The MoSCoW rules are also applicable, or a simple prioritisation from one to five.

Planning Functionalities

Planning functionalities in the cycles

Investigating and Designing Functionalities

The initial investigation of a functionality takes place during the creation of the task list for planning. By deciding ahead of time which sub-tasks will be needed to implement a functionality, the programmer gains more insight into the functionality itself. The involvement (presence) of the customer is essential for the further investigation and design of the desired functionality. Customers should specify exactly what they want. In the beginning, customers have much more contact with the programmers than they do later in the project, although caution must be taken to ensure that the programmers do not start thinking for the customer, thereby making erroneous assumptions.

Implementation of the Functionalities

After the customer and the producers have agreed on a design for the desired functionality, it is built. Programmers always perform this work in pairs (in XP terms, this is known as ‘pair programming’). Although this may seem nonproductive, pair programming offers the following advantages:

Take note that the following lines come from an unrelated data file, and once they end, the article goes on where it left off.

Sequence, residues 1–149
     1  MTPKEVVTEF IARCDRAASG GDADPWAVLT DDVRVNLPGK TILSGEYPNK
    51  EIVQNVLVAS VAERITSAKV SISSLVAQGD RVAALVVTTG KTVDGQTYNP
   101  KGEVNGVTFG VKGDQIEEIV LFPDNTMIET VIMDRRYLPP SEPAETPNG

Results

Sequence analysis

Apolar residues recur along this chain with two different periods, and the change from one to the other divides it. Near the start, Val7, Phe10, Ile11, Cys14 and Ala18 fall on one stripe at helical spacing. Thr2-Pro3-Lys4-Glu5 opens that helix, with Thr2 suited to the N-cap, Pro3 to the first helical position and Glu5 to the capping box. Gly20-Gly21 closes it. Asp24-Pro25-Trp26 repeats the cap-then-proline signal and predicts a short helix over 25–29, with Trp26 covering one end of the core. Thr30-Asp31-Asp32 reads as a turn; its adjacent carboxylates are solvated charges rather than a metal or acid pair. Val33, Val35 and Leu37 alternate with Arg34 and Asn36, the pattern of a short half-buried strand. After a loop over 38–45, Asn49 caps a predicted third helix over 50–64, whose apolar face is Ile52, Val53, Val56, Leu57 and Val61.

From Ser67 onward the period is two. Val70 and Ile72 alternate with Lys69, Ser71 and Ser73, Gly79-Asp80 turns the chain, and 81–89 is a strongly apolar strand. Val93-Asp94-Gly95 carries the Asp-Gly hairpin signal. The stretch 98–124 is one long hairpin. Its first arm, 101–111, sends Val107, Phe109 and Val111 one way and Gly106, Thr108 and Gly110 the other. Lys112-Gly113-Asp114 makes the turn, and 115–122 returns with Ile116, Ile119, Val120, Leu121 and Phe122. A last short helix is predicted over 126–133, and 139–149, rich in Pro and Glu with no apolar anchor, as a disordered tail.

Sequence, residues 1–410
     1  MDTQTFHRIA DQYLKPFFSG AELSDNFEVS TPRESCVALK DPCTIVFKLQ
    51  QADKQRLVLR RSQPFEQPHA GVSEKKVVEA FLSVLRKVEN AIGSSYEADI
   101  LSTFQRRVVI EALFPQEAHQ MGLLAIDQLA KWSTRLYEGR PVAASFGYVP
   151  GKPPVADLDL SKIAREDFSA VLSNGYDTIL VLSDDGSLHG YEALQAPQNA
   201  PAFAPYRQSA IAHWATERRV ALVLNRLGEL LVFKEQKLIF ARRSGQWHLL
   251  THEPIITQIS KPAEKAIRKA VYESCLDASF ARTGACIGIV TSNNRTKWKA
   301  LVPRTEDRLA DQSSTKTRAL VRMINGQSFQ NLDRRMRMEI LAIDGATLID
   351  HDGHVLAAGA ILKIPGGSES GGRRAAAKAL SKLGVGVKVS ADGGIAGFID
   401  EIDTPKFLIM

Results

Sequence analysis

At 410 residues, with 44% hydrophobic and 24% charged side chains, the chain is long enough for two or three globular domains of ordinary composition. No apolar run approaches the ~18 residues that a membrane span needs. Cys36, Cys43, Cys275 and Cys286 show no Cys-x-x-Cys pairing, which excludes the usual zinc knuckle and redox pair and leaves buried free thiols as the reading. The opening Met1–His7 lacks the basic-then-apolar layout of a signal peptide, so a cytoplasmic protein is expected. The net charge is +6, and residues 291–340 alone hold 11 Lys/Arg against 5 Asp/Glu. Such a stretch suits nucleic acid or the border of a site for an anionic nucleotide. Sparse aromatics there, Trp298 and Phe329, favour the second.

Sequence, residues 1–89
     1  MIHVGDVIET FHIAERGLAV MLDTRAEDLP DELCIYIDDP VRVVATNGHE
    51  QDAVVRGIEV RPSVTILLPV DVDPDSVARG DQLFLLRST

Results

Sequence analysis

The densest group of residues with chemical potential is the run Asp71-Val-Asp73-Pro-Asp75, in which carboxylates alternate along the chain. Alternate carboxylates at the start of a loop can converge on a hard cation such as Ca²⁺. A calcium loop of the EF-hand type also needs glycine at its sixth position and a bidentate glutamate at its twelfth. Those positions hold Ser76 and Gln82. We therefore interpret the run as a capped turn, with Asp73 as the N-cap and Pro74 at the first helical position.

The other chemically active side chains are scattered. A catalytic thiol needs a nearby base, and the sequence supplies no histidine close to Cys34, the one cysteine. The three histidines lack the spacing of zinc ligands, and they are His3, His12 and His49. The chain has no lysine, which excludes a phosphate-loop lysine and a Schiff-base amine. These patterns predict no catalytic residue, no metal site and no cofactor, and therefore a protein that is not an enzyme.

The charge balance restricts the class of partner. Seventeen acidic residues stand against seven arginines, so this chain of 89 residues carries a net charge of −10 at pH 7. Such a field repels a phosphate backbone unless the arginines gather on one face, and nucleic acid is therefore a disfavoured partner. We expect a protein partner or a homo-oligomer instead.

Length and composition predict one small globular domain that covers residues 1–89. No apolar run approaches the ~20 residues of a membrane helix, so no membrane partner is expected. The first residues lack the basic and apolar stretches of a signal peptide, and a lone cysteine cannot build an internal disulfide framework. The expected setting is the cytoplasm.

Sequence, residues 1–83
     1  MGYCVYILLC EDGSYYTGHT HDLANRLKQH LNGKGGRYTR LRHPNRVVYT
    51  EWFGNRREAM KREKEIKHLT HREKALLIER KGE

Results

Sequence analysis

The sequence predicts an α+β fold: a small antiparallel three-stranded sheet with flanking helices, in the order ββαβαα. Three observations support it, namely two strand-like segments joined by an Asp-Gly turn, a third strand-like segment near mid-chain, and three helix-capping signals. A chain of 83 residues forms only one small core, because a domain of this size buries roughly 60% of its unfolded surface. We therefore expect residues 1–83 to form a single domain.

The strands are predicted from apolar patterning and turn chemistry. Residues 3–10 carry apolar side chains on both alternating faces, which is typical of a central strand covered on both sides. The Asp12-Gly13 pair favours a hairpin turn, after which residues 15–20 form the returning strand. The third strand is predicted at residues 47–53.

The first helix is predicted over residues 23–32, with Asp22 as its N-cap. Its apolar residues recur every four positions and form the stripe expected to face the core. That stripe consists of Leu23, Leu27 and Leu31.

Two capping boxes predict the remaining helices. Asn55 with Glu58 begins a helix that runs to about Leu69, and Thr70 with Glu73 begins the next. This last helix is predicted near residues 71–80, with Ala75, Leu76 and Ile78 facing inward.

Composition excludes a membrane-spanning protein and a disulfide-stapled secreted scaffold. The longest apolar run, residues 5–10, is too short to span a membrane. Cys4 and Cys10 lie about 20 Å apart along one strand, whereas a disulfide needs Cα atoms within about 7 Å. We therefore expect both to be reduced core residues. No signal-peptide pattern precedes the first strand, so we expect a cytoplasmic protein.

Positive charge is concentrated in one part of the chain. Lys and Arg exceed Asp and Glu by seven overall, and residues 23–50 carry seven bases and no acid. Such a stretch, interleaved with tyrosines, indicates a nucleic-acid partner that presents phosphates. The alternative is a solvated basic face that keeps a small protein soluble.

• The knowledge of two programmers is combined.
  • Less time is spent transferring knowledge or code within a project.
  • Fewer errors occur in programming.
  • Problems are resolved more quickly.

There is an additional advantage to working in pairs: the greatest problem is getting started with programming. Once the work has been started, it can proceed.

Programming in pairs allows the programmers to encourage each other to get the work started.

Joel Spolsky, a programmer for Microsoft, realised that he worked effectively for only about three hours each day, and often even less. Other colleagues apparently had the same experience. The rest of the time was spent drinking coffee, reading e-mail, surfing the Internet, chatting with colleagues and looking at the beautiful office courtyard. Working with a partner can increase motivation, thus making it easier to get started.

Despite its advantages, pair programming also places considerable demands on the concentration of the programmers, and not all programmers like that. Further, not all combinations of programmers are capable of working together well. To minimise these disadvantages, a team might decide to use pair programming for more than half of each working day.